As ride-sharing services and alternative accommodations move solidly into the mainstream for personal travel, employees increasingly expect access to the same options when they travel for work.
“What we’re seeing is what we’re calling the ‘consumerization of business travelers,’” said Jeanne Liu, Vice President of Research for the Global Business Travel Association. “It’s what you do in your regular consumer life. If you use ride-sharing and home-sharing, or if there are certain apps you like to use, it’s going to go into how you plan and how you pick your options in business travel as well.”
Ride-sharing has quickly been adopted by many companies and employees for business travel, and the acceptance rate for sharing economy accommodation providers is accelerating, primarily driven by millennial travelers’ use, inside or outside of company travel policy.
On the company side, ride-sharing services are now allowed by half of all corporate travel policies, according to the GBTA’s January 2017 Business Traveler Sentiment Index. Thirty percent of respondents in the same survey said sharing economy accommodation providers such as Airbnb and HomeAway are allowed under their company travel policy—a 20 percent increase over survey results just six months earlier. According to research data in the 2016 Business Travel Spend Report by Rocketrip, a travel management company that has developed tools to reward employees for booking under budget, Airbnb bookings for business travel were up 54 percent in 2016 compared to 2015.
A similar pattern has been charted among individual travelers by veteran business travel analyst Henry Harteveldt, President of Atmosphere Research. “We know from our own research that 67 percent of business travelers have already used some sort of ride-sharing service, and 12 percent have used home sharing while on a business trip,” Harteveldt said.
Those who manage or book travel for their companies as part of their overall job responsibilities might not be aware of all the benefits that can result from incorporating alternative accommodations like Airbnb into a travel program. Here’s a look at five reasons to rent corporate apartments and sharing economy accommodation providers that help keep travelers happy and the company’s travel budget under control.
1. Cost savings, convenient locations
“Business travelers tell us home sharing is more convenient and puts them closer to where they need to be than traditional hotels,” said Harteveldt. “And for the same amount they would spend on a hotel room, or less, they get an entire apartment. They like being more productive and more relaxed than they can be in a hotel.”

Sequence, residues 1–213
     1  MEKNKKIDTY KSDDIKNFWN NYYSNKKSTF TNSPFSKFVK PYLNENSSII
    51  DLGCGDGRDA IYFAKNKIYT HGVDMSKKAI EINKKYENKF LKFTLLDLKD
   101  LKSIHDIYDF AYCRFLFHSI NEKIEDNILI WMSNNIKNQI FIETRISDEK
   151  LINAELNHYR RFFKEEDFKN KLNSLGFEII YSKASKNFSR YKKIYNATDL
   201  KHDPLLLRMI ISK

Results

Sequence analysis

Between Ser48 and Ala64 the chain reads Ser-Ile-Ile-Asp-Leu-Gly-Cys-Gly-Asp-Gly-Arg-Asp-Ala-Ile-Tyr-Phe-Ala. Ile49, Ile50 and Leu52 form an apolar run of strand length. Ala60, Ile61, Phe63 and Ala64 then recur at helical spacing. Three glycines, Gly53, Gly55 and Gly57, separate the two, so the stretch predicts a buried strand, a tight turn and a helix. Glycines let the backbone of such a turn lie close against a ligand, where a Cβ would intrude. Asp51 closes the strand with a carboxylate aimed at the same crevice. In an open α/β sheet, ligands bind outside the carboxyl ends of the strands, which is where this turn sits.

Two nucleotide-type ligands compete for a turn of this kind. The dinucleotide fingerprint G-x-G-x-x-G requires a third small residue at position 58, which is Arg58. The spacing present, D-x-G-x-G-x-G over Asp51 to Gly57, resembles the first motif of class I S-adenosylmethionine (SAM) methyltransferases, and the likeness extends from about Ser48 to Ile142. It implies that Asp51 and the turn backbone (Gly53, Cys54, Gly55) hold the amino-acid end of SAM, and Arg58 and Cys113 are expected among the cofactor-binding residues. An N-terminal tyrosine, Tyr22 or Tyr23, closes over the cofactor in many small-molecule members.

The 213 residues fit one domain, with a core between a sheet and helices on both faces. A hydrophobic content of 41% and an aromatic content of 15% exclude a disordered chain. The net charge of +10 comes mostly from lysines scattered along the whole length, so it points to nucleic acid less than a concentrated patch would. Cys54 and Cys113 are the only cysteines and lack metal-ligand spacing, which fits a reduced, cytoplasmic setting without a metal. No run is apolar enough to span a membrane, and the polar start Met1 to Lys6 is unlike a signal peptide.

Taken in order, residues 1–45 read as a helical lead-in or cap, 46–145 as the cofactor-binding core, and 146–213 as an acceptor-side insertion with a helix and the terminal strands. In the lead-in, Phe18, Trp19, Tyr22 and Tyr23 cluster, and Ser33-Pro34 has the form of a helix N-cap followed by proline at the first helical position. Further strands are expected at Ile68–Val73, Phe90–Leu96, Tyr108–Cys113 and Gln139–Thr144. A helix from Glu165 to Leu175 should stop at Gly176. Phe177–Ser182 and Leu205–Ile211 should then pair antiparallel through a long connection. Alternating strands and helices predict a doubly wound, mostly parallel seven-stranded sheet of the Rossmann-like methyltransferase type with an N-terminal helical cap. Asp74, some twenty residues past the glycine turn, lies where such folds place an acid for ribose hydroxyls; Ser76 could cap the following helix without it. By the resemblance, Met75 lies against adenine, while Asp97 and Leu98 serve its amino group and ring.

Rachel Ersted agrees. Ersted manages travel as part of her job responsibilities as Senior Treasury Analyst at Box, a cloud management and file sharing service for businesses. Box officially added Airbnb for Work to its travel program in 2016. “I see two main benefits with Airbnb,” Ersted said. “One is choice; it gives our travelers the choice of size, amenities, location, the way that the house feels. And that’s really important, especially when people are going on extended stays. Another obvious benefit is cost. We see Airbnb as a really affordable option and alternative to other legacy ways of staying in these cities.”
A 2016 Airbnb Travel Spend Findings report by Rocketrip found that the average daily rate (ADR) for travelers who stayed in Airbnbs for work trips was 41 percent lower than the average daily rate (ADR) for traditional hotels in urban markets worldwide. Savings on ADRs from staying in Airbnb varied by market, according to the report, from $68 savings per night in Austin to $131 in San Francisco and $147 in Washington DC.
Those cost savings are available worldwide for companies that have incorporated Airbnb for Work into their travel program. RingCentral books travelers into Airbnb corporate rentals in the U.S. and internationally, where the company has offices in Russia, Ukraine, China, and the Philippines. “If people go to our office in Russia, they will pay $82 per night on Airbnb in some prime locations versus paying an average of $200 per night for a hotel,” said Elena Warburton, Director of Global Travel for RingCentral Inc., a cloud communications provider. “That’s a no-brainer, it’s great savings.”
2. Inventory options
Availability of inventory is another benefit of adopting sharing economy accommodation providers, both for travelers and travel coordinators. These alternative accommodations offer additional inventory in cities with traditionally high hotel rates year-round, and when attendance at conferences and events in key urban markets squeezes hotel availability while simultaneously pumping up pricing.
After Campari launched Airbnb for Work in 2016, “it has become more and more prevalent in our business bookings for accommodation worldwide,” said Ashley Schmitz, Regional Lead Executive Assistant for Campari America. The reasons: location flexibility for travelers and competitive rates for the company.
“As part of our travel policy, we have a daily cap for accommodation spend,” Schmitz said. “Our team frequents popular destinations where conferences and other city-wide events are prevalent, thus sending hotel rates through the roof and well over the allocated daily amount. This makes Airbnb a great option for us because of its flexibility, not only in the selection of available locations but also in its cost variation.”
Autodesk travelers book Airbnb as an alternative to hotels that charge premium pricing in Boston, San Francisco, and other key Autodesk destinations, both due to high demand and price spikes or sold-out conditions from citywide conventions. “Eighty to ninety percent of all our Airbnb bookings are individual, and the reasons are typically cost and a desire for something different,” said Mark Papale, Manager of Global Travel Operations for Autodesk, a 3D design, engineering, and entertainment software developer